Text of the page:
Universal Verification Methodology SystemVerilog Basics -- Sequence

Uploaded by CadenceDesign on 02.05.2012

Hello my name is Axel Scherer. I will give you a quick introduction into Sequences in
UVM. So sequences are really interesting. They’re
used to build up more interesting stimulus from lower level sequence items. You can even
go multi layer abstraction and combine lower level sequences into higher level transactions.
OK - So with sequences, you’re basically controlling the execution order of your sequence
items, exactly how they should happen, and you can control direction, and things like
that. So coordination of sequences or lower level sequence items to build interesting
stimulus is what sequences are all about. If you look at this in context of a interface
UVC, you know, we need to hand down sequences to the driver. But we don’t just so this
willy-nilly, we want to control exactly what’s happening, so we have control over the stimulus
generation. So the sequence is basically what controls the execution of the sequence item
- how densely they are spread apart, what type it is, and all that good stuff. And you
can have multiple layers of abstraction. You can have very long and complex interactions
between sequences and sub sequences. Let’s look at some examples We’re dealing again
with APB. Here’s a very simple sequence, it only executes two transactions. It does
read after write, so read after write sequence is what we are looking at. First couple of
code is just some auxiliary logic to help you with the execution control. The interesting
part happens in the tasks body, and that basically is what we are executing – right - when
the sequence is running. And first we are doing a write as you can see here, so we’re
controlling the direction. We’re not just let it being randomized as an individual sequence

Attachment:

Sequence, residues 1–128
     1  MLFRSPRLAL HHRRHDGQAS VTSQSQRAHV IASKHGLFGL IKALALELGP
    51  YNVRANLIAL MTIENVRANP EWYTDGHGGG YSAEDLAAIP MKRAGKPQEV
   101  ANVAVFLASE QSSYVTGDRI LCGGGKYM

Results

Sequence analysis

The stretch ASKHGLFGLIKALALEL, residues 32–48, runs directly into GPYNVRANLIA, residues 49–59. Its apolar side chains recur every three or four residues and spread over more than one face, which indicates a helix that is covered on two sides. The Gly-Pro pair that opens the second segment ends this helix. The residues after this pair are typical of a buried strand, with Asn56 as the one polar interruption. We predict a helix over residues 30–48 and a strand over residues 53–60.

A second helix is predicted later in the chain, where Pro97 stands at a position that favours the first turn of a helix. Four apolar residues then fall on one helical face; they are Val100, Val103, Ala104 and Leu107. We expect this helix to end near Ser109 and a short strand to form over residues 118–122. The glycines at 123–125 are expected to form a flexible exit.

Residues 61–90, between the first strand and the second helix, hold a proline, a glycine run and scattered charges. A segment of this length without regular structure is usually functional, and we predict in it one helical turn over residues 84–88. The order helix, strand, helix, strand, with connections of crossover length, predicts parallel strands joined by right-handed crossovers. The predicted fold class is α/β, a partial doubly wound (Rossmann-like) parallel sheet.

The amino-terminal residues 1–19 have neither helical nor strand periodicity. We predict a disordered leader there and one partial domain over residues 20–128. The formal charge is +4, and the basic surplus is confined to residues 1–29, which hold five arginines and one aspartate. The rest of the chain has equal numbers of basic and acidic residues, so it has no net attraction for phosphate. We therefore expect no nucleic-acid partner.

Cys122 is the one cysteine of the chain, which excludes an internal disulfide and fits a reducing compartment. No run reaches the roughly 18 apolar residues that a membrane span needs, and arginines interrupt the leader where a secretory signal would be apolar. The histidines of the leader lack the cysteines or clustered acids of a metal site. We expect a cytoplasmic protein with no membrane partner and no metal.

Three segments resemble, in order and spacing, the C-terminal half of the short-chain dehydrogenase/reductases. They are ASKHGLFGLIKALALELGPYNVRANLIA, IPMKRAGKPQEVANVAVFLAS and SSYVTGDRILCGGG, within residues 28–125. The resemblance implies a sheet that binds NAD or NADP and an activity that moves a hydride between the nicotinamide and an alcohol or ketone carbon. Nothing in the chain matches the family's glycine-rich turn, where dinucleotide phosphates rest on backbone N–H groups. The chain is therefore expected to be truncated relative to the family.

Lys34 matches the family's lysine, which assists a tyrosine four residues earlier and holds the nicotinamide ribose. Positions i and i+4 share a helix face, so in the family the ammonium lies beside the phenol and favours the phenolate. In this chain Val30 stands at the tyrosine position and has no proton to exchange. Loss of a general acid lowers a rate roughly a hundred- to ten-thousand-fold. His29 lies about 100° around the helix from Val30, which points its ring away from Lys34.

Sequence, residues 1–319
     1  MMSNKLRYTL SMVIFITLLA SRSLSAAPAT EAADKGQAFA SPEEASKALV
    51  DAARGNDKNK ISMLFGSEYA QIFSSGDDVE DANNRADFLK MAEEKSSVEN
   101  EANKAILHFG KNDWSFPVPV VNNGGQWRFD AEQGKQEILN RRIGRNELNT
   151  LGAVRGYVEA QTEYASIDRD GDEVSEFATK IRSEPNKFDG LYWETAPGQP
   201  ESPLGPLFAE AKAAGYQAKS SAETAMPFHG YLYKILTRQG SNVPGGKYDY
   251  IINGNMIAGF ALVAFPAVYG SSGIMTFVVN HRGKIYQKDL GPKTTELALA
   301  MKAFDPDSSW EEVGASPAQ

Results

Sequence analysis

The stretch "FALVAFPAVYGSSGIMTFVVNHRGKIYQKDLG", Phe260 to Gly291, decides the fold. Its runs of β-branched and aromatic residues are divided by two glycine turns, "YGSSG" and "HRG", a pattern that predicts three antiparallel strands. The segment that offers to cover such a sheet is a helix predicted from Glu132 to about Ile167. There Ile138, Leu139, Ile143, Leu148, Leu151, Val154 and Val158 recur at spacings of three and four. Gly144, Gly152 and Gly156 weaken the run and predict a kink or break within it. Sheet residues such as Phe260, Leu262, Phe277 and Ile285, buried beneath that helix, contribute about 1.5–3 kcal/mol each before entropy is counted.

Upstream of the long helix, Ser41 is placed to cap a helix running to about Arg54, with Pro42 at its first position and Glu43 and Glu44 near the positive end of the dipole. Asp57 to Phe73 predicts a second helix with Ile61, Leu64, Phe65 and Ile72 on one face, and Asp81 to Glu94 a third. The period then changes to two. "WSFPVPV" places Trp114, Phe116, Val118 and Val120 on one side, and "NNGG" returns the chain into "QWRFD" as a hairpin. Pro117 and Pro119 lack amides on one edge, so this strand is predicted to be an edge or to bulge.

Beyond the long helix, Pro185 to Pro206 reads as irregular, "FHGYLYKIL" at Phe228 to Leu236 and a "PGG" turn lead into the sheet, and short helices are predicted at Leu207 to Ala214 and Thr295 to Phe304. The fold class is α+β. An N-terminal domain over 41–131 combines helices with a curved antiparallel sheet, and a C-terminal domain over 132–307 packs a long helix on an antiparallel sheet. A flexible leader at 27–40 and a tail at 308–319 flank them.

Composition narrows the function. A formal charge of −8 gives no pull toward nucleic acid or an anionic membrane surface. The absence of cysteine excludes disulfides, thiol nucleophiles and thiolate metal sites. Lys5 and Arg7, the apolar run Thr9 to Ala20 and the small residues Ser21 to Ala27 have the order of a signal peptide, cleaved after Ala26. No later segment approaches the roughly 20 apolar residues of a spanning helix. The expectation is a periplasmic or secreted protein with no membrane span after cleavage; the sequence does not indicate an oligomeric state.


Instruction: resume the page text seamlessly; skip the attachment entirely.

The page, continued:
item by telling the execution we need a write and then we need a read. We’re also telling
the execution don’t just randomize the address willy-nilly at the sequence item level, but
rather do it here, from the sequence down, so we are defining start address and we writing
to it and we’re reading back from the same start address. We also controlling other things
like write data and so forth. So this particular sequence only executes 2 sequence items, so
it’s a very small low-level sequence. But, we can combine multiple sequences into higher,
more complex sequences. So this particular sequence is called multiple read_after_write_sequence,
and you can see it references read_after_write_sequence, write_byte_sequence and read_byte_sequence.
So now it deals with multiple sub sequences. It also has here a little variable to randomize
how many sequences you want to execute. And we constrain that particular field to be between
5 and 10 inclusive. So again, in the body task, we are now executing a bunch of subsequences,
e have a for loop that is going up somewhere between 5and 10 and executed a bunch of this
raw sequences. So read after write is executed between 5 and 10 times, and after that, we
perform a set of W sequences and R sequences three times each. So you can see now how this
builds up to much more interesting and controlled stimulus and not willy-nilly randomized like
crazy and not pushing the device into interesting states.
You can find more videos like this, either on this youtube channel or at support.cadence.com
at the video library for the Incisive Simulator. Have a great day, thank you very and talk
to you soon.